John Adams enjoyed practicing law, albeit not for a long career, nor a hugely successful one. By the time he was forty, his lawyering days were over, and he devoted himself exclusively to politics.
His son, John Quincy Adams, considered a fine lawyer in his own right, loathed practicing law. It is said that whenever he found himself “needing” to open a law office for financial reason, it made him physically ill. Politics and diplomacy was his preference, and obviously where whatever legal skills he had developed were put to their best possible use.
Andrew Jackson became a lawyer (it is suggested) because it would give him the opportunity to rise to the gentlemanly status he admired. His own rough background and poverty practically consigned him to learning a trade. Lawyers wore suits, not overalls. But once the 21-year-old Jackson became a lawyer, he became involved in politics, among other interests. Once he became a General in the Tennessee militia, he never practiced law again. He found a trade he liked better, with niftier clothes.
The Later Haters
James Garfield, president for a few months in 1881 before he was assassinated, had read law as well. He was actually an ordained minister, a college teacher and president and a lawyer – and he never made a living at any of it. He had discovered politics, and it was a full time career.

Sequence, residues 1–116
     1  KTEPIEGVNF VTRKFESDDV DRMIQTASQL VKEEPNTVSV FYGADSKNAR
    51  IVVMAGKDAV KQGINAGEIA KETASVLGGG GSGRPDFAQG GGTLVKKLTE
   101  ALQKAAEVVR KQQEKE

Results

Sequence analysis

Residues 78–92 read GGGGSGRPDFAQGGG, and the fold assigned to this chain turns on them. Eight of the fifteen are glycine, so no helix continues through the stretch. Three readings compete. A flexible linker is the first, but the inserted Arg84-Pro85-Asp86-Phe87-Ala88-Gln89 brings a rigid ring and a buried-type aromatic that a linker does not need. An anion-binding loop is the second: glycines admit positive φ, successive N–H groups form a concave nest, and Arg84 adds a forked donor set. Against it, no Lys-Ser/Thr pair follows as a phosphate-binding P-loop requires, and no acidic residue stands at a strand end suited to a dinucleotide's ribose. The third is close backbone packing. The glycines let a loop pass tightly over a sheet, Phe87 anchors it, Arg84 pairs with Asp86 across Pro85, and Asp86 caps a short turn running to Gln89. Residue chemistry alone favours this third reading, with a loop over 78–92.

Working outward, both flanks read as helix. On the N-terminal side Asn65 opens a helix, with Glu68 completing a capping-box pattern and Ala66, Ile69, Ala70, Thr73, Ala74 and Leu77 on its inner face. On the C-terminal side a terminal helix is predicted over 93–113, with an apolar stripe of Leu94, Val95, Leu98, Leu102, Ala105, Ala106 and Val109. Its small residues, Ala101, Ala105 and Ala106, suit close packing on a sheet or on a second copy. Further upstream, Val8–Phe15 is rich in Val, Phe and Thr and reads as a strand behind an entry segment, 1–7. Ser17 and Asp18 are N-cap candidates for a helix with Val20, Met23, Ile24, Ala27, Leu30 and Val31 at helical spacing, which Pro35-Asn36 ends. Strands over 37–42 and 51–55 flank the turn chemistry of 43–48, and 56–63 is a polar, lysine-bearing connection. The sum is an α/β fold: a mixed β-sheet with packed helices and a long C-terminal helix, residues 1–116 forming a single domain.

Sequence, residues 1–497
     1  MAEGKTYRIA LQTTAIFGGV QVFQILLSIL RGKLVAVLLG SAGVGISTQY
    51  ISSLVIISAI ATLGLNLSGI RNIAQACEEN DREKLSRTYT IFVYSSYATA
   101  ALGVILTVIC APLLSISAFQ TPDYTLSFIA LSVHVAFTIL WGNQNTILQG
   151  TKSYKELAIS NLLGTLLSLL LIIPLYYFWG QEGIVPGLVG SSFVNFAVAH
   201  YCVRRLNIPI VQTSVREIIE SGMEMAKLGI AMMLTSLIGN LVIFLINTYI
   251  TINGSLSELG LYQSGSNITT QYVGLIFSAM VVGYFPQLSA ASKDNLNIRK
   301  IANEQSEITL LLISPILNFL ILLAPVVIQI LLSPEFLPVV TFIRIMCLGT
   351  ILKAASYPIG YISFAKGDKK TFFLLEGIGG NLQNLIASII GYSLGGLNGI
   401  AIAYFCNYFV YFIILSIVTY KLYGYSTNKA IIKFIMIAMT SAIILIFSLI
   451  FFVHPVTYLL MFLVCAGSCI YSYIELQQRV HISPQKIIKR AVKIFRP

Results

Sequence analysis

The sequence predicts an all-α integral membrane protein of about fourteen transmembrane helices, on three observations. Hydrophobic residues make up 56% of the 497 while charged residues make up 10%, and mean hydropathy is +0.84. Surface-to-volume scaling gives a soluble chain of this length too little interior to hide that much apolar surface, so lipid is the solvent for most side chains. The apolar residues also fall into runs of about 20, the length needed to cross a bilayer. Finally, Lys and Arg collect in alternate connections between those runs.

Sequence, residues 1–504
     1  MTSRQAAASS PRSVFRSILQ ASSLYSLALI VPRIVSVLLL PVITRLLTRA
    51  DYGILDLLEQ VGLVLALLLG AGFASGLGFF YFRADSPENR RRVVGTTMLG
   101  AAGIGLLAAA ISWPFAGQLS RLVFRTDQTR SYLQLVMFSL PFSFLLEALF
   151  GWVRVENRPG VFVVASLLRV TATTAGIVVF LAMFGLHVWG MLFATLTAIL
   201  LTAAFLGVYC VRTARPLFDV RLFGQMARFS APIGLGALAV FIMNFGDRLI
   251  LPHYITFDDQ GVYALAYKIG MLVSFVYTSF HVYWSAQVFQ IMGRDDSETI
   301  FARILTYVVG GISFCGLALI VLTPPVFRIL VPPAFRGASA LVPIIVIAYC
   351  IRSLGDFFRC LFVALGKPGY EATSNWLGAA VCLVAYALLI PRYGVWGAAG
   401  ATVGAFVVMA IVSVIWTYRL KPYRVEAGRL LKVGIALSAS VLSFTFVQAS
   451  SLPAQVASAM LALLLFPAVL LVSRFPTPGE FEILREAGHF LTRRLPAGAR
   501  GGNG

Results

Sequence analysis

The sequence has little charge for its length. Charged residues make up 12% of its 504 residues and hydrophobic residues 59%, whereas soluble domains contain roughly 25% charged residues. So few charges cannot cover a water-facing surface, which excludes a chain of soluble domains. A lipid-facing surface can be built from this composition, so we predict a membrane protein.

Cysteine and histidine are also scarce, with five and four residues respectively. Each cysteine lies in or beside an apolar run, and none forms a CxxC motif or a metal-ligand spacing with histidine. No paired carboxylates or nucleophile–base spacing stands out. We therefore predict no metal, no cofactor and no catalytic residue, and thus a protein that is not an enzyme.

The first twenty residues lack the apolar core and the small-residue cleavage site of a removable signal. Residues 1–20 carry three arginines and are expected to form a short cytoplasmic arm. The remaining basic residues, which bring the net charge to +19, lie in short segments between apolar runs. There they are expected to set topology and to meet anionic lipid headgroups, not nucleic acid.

Both Roosevelts, Theodore and Franklin, studied law. Theodore enrolled at Columbia University after graduating Harvard, but dropped out from boredom. He never seemed to regret the decision. Franklin also went to Columbia after Harvard, but never finished. He managed to pass the bar before his studies were completed, so there was no need. He was also an indifferent attorney with little interest or effort. He jumped at the first chance he could to be involved in politics. He was better at it.
Woodrow Wilson had a law degree from the University of Virginia. He practiced law ineffectively for a year, was bored and decided to study for a doctorate, and concentrate on theoretical governmental studies thereafter. He was better at that, too.
The Law Lover
Arguably, the best lover-of-law of all our presidents was William Howard Taft. He not only loved the law, but he loved the judiciary. He became an appellate judge early in his career, followed by a lifetime of public service. It is said that being president was the only job he ever had that he didn’t like. His ambition was always to have a seat on the Supreme Court. He achieved that too.
Taft was named Chief Justice by President Harding. Harding had thought briefly about studying law early in his life, but decided it was just too hard.
Burstein, Andrew – The Passions of Andrew Jackson – Borzoi-Knopf – 2003
Dalton, Kathleen – Theodore Roosevelt: A Strenuous Life – Borzoi-Knopf, 2002
Unger, Harlow Giles – John Quincy Adams – DeCapo Press, 2012